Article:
When one thinks of pursuing a career in the medical field, they might immediately think about taking a variety of science classes and later going on to evaluate patients’ illnesses and prescribe medications following medical school. In reality, however, interpreting human health is not solely a physiological issue but also a socioeconomic one. Although medical care may be crucial for aiding patients, social determinants of health must be taken into account as well. Many socioeconomic factors should be considered when analyzing patients’ overall health. A primary example of one such determinant is an individual or family’s overall income. According to Lynch et al. (2004), the income inequality-health hypothesis is primarily centered on the idea that with greater income comes more positive human health outcomes. (1) Such a correlation is applicable in many areas and for various health issues as well. (1) Consequently, it is evident that the association between income and health outcomes is currently a major issue in medicine.
Understanding the role of one’s overall wealth and income is crucial in analyzing how quickly patients develop illnesses, what type of illnesses said patients develop, etc. It has been observed that low income may contribute in part to the development of poor cholesterol profiles. (2) Elevated blood pressure levels may also result from poorer income. (2) Other physiological systems, including the hypothalamic-pituitary-adrenal axis and cardiovascular and inflammatory systems, have been believed to be negatively affected by social and environmental issues. (2)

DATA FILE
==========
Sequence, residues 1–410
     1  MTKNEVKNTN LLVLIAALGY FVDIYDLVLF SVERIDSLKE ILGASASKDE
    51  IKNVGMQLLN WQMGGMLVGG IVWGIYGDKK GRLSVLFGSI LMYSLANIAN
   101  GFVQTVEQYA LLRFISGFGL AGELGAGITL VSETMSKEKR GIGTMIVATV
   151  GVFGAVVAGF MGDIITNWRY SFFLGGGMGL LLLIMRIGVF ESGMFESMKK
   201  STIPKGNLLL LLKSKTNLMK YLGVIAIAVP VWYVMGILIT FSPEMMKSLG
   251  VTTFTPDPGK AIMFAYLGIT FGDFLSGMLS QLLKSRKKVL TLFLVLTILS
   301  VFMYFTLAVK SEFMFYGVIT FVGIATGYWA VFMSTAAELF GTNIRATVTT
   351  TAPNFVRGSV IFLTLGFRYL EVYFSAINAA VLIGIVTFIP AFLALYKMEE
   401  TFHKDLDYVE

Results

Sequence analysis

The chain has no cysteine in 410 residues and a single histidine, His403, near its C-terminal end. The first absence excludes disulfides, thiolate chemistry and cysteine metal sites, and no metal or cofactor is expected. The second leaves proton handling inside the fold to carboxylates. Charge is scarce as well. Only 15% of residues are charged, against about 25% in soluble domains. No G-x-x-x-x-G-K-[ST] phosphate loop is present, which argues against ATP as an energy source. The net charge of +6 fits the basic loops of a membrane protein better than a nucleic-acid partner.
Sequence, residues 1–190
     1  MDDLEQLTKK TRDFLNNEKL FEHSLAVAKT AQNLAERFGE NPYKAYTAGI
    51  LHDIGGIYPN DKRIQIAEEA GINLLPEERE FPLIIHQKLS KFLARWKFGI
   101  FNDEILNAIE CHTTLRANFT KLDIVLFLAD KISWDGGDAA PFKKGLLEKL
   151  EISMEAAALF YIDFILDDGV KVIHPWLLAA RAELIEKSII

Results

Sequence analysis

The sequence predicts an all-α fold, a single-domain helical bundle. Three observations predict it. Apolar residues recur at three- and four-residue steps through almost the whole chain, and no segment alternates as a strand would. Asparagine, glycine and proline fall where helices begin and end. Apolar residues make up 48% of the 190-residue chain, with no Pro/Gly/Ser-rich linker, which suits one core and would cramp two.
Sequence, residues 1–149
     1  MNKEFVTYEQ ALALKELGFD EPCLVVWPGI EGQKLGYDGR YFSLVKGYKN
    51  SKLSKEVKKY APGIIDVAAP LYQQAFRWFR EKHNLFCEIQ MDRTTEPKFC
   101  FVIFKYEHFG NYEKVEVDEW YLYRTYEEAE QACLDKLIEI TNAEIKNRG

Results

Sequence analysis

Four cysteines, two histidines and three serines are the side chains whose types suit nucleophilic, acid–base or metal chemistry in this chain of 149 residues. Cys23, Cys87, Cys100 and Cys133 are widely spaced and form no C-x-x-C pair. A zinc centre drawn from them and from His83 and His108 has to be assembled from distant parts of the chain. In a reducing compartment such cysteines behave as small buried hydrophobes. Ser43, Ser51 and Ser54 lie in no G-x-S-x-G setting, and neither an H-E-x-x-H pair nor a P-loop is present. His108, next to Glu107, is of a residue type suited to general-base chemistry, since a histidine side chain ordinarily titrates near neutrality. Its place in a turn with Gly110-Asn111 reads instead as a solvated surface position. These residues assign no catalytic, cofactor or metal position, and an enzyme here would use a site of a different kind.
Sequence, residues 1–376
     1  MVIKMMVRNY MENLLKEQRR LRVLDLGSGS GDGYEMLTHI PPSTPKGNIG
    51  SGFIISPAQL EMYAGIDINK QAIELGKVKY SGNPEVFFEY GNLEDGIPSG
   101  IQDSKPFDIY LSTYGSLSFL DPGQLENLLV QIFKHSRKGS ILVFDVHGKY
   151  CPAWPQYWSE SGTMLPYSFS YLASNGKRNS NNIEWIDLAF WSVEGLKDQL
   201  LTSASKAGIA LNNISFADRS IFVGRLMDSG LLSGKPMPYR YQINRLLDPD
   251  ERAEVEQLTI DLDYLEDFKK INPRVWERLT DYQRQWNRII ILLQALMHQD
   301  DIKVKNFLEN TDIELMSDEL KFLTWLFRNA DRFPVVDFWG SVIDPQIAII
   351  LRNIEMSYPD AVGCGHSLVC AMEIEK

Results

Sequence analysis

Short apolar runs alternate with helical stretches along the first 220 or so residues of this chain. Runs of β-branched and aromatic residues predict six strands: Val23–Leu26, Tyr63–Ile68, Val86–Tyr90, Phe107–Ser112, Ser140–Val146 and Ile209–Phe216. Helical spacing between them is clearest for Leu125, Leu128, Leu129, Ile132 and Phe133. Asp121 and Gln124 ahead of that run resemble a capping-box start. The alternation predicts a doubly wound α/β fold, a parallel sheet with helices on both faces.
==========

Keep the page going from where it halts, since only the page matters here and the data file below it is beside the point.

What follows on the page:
Both social stigma and genetics are also important to analyze in interpreting how one’s income status can influence one’s health. Social stigma is also correlated with income levels. (2) In areas where social stigma is less correlated with the level of income, one’s income was found to have a more limited negative health influence. (2) One’s socioeconomic status can also potentially have a negative genetic impact. (2) Other social factors may also contribute to whether protective or deleterious genes are expressed. (2)
Ultimately, out of all the possible social determinants of health, one of the most important to consider is this: wealth and/or economic status. In analyzing health from this broader social perspective, we can become more aware, well-rounded physicians for others.
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Lynch J, Smith GD, Harper S, et al. Is income inequality a determinant of population health? Part 1. A systematic review. Milbank Q. 2004;82(1):5-99. doi:10.1111/j.0887-378x.2004.00302.x
Braveman P, Gottlieb L. The social determinants of health: it's time to consider the causes of the causes. Public Health Rep. 2014;129 Suppl 2(Suppl 2):19-31. doi:10.1177/00333549141291S206